However, tragedy would overshadow all of this when Harold and four companions went swimming on Cheviot Beach in Victoria. December is the first month of summer in Australia, and the weather was just heating up when the group made their way into the ocean.

However, on this particular day, the weather was uncommonly windy, and clouds mostly hid the sun. The weather was so unpleasant that the nearby beach at Portsea was closed due to safety concerns. This wouldn’t stop Harold from heading into the water.

The Fatal Walk Into The Waves

Harold’s friends noticed the water was especially choppy and were hesitant to go for a dip. They stayed close to the shore, splashing around instead of going swimming, deciding that the water was too wild and turbid to venture into.

Still, after changing into his blue swimming trunks, a confident Harold told the group, “I know this beach like the back of my hand,” before making his way into the water alone.

Photograph of Harold Holt swimming. Image via YouTube.

The rest of the group – including Marjorie Gillespie – remained on the beach. She watched Harold as he went further into the water until she could no longer see him.

Suddenly, she spotted bubbles surrounding the area where she last saw Harold, but there was no view of him as there had been just moments before. Marjorie informed the other members of the party that Harold had disappeared from sight.

The group was immediately alarmed when they found their friend was no longer visible, particularly due to the water’s choppiness that day. While Harold was an experienced swimmer, he wasn’t an overly strong one.

He was known, however, to be able to hold his breath for longer than most people. Harold would often practice holding his breath in the bath or even when he was sitting in parliament on occasion.

He did this in order to help him on his snorkeling trips, a hobby he took up frequently. The group hoped this ability would help him endure the rough undercurrent he’d found himself in.

Some of the group headed to the nearby cliffs to see if they could get a better view and potentially spot Harold. When this proved fruitless, one of the four friends sought help from scuba divers to help them search for their missing friend.

The divers agreed and, upon making their way into the water, struggled to manage the undercurrent, which saw them quickly retreat from the water. Even for experienced scuba divers, the water was just too dangerous to venture too far into.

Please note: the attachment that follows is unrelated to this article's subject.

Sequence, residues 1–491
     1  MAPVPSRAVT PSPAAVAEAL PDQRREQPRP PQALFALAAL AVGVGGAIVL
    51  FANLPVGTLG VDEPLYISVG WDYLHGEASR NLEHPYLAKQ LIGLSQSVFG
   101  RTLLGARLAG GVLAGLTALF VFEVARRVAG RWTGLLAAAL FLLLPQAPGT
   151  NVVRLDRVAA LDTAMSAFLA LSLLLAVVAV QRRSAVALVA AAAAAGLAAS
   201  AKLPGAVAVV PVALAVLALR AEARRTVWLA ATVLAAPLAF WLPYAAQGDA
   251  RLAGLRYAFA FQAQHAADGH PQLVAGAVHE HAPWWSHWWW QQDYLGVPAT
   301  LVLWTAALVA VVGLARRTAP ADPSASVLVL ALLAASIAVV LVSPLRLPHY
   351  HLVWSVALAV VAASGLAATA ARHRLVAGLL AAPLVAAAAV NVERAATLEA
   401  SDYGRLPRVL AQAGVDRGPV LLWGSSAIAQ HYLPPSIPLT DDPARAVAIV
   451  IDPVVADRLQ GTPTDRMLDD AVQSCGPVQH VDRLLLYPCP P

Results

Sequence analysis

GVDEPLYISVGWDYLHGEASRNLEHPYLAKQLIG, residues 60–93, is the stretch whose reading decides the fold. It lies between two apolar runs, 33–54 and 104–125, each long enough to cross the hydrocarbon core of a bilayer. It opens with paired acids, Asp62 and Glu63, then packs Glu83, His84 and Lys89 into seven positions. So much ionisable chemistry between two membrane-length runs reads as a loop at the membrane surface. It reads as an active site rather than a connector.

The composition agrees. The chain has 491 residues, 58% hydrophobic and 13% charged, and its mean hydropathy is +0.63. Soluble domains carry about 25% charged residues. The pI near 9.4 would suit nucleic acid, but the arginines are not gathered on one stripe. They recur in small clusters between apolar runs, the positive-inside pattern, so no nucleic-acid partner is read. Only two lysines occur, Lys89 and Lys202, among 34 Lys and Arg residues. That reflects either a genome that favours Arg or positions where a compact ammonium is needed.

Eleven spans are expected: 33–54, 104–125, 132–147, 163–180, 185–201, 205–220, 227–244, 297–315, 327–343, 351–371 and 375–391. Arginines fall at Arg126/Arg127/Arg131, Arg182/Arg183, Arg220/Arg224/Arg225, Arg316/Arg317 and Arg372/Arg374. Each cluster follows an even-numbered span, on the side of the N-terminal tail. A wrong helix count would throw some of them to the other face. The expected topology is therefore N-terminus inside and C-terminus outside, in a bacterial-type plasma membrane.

It seemed as though the group’s worst fears had materialized: Harold had drowned.

The authorities were informed, although Majorie’s presence at the beach was not reported right away, and it was alleged that she had been bundled into the back of a car and driven away from the scene to avoid media scrutiny.

Subsequently, a search operation ensued, which was – and still remains – one of the largest in Australian history.

The search enlisted the help of the Army and the Navy and utilized helicopters to aid in finding the missing prime minister. Days passed without a sighting, and as they did, any hope of finding Harold Holt alive diminished.

Though there was no body recovered, Harold was presumed to have drowned. The month after the tragedy, in January of 1968, Victoria Police released a statement that said there was no indication that Harold’s vanishing was anything but accidental. 

However, that didn’t stop people from developing their own theories about what happened.

Conspiracy Theories

As you may expect, with a high-profile case like this, theories and conspiracies were bandied around as people digested the shocking news that the prime minister had vanished.

Some people suggested that the CIA assassinated Harold. Others believed that the prime minister took his own life. Then, there was the notion that Harold had faked his death to escape from the media scrutiny he’d been put under recently. 

Then, there was the idea that a Chinese submarine had found him as he floundered in the water and had picked him up. The theories – no matter how far-fetched – were endless.

The fact that there had never been a body recovered allowed people to speculate wildly about what may have really happened to Harold Holt.

However, Harold’s son, Sam, rebuffed these conspiracies. He remembers his dad as a “risk-taker” and says his decision to swim in dangerous waters wasn’t out of character for his thrill-seeking father.

He said Harold never “feared for his personal safety,” which leans into the tragic truth: that Harold Holt was a victim of extremely hazardous waters.

In memory of the late prime minister, the City of Malvern Olympic Swimming Centre was renamed the Harold Holt Memorial Swimming Centre. The renaming has been described by some as a nod to dark “Australian humor.”